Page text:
The deep web could make fortunes for some investors.
There are profits to be made from the 'deep' web, but detailed research is going to be crucial if you are to make the most from this opportunity.
What is the deep web?
The 'deep' or 'invisible' web is that area of the world wide web currently inaccessible to standard search engines such as Google. It is estimated to be approximately 500 times larger than the ordinary part of the Internet that is indexed by standard search engines.
Take a look at Freenet (which is a closed section of it) to get some idea of what is available. Yes, there's a lot of undesirable stuff there. But there are also university archives and material that offers a potentially rich fund of knowledge of topics as diverse as nanotechnology and 3-D television.
Indeed, trawling around Freenet reminded me of what the world wide web looked like in the mid-90s, populated mostly by minority interests and geeks of every description.
Of course, the important question from our point of view is how can you profit from it? As an investor I can see two main ways.
You could invest in a company that helps those accessing information or markets services to the audience served by the deep web. This would include everyone from software vendors to specialist start-ups.
There are a few web search engines that are trying to mine the information in the deep web. They include: DeepPeep, CompletePlanet, Kosmix, Turbo10 and Wolfram Alpha. They're mostly private companies but when if one of these becomes dominant it is pretty likely to be floated -- or perhaps Google will gobble it up.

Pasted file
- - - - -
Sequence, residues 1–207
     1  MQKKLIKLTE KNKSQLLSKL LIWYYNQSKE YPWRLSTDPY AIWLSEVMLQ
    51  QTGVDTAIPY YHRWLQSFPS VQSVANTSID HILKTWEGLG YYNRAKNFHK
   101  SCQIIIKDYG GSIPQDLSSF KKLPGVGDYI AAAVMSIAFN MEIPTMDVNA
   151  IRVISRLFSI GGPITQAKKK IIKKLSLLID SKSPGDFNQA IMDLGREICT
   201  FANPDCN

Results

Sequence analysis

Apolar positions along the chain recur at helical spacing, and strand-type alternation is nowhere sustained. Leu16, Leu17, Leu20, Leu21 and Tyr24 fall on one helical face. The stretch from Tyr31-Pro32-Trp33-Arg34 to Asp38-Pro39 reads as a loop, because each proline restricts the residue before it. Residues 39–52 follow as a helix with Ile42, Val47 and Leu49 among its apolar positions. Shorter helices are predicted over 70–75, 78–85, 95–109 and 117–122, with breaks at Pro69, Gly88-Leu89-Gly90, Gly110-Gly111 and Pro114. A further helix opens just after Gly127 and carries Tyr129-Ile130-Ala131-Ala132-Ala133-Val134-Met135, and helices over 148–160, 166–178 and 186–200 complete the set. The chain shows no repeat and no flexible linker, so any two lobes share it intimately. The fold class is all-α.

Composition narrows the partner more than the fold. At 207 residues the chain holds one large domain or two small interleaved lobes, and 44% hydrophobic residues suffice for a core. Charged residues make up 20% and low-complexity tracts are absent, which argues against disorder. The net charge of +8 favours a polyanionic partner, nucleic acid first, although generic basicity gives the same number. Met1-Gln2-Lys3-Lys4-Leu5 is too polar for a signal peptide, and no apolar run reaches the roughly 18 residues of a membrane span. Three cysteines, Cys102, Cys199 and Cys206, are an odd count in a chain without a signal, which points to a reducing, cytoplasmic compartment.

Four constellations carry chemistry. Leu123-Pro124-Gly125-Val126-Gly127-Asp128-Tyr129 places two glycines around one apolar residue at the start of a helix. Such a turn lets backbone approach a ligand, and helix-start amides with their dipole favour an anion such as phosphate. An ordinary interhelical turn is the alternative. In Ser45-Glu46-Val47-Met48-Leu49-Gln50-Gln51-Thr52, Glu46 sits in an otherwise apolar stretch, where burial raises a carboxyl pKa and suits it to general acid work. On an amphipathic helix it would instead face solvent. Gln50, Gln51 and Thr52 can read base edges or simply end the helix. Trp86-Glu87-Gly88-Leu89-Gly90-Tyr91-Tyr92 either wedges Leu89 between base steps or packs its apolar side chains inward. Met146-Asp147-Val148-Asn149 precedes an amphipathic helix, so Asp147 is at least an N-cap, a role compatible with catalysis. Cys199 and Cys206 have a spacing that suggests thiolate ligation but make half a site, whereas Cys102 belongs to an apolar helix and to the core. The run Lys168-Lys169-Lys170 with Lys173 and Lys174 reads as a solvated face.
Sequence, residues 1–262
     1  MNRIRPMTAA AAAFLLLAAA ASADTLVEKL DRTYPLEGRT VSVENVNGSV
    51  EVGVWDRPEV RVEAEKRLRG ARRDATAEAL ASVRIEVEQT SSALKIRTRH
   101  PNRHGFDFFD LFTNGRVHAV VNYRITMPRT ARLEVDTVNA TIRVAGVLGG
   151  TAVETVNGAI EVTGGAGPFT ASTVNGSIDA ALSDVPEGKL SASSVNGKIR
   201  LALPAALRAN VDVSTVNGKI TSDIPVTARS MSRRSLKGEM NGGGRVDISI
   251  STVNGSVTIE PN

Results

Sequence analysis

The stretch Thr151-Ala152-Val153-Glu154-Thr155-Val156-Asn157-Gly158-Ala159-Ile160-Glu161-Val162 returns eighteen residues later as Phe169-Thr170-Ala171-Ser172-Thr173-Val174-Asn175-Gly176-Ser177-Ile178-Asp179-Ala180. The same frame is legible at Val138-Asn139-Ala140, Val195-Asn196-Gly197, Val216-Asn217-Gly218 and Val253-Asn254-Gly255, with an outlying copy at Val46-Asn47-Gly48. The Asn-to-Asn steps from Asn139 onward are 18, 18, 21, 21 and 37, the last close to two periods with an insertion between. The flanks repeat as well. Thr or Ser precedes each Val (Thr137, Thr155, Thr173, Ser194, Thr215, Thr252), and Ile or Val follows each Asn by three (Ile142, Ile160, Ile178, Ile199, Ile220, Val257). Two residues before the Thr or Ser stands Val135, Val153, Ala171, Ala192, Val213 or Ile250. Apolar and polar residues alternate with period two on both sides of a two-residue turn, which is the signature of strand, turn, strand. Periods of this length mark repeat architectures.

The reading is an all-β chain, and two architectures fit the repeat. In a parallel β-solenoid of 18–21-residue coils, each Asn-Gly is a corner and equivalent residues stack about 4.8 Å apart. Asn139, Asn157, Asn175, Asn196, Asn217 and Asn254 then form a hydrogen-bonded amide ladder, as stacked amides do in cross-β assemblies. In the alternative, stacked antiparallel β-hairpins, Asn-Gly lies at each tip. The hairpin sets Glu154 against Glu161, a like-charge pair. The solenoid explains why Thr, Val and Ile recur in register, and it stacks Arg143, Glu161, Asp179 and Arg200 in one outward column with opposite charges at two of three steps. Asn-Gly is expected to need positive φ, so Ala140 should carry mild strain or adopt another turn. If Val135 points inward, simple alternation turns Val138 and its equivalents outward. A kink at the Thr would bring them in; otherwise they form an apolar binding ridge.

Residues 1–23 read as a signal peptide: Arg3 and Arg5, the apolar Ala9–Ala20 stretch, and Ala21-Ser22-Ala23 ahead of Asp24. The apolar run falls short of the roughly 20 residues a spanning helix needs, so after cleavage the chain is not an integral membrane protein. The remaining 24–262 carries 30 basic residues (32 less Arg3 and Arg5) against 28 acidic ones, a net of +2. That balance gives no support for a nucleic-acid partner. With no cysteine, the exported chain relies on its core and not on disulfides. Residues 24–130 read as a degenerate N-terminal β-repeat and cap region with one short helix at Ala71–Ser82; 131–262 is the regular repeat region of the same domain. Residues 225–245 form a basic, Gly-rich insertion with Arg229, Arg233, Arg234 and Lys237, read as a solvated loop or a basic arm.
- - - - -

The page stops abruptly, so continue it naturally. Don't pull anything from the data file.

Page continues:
If you have a keen interest in this area, it is also possible to invest in technology that is going to indirectly help open up this 'invisible web'. Let me cite one area that I think holds promise. I reckon analytics programs that can successfully measure the response of ad campaigns to the deep web community or successfully trace browsing habits in these areas will make their owners/investors a lot of money.
However, predicting which companies out of the thousands out there will ultimately benefit from developments is an extremely tricky area to get right. For every Amazon, there are thousands of failures.
It is therefore probably safest to stick with existing companies that are in this space. Major producers of anti-virus programs, such as McAfee, and analytics programs, such as Adobe, will probably be in a position to buy up small rivals that come up with novel ways of exploiting these currently dark areas of the web.
A research tool
An easier path to profits is probably to use the deep web as another research tool for stock selection. There is a mass of research material where you can locate specialist information on quoted companies.
As usual, the material in English is dominated by our cousins across the Atlantic, so there is much more useful information on US stocks. However, there is material on UK shares there too. It just takes a lot of searching for.
Among the vast databases of financial information, there are also useful tit-bits and unattributable gossip that are of interest -- information that could help you avoid a costly mistake but which, if published in the mainstream media, would get their authors sued.
Of course, it needs time and dedication to trawl through the mass of material out there. The hard work -- which I have still to do I admit -- is to somehow organise your pick of this material.
Be warned though, once you start investigating the deep web it is like traversing a hidden continent. You'll start searching for one thing and end up finding lots of other facts that are fascinating.
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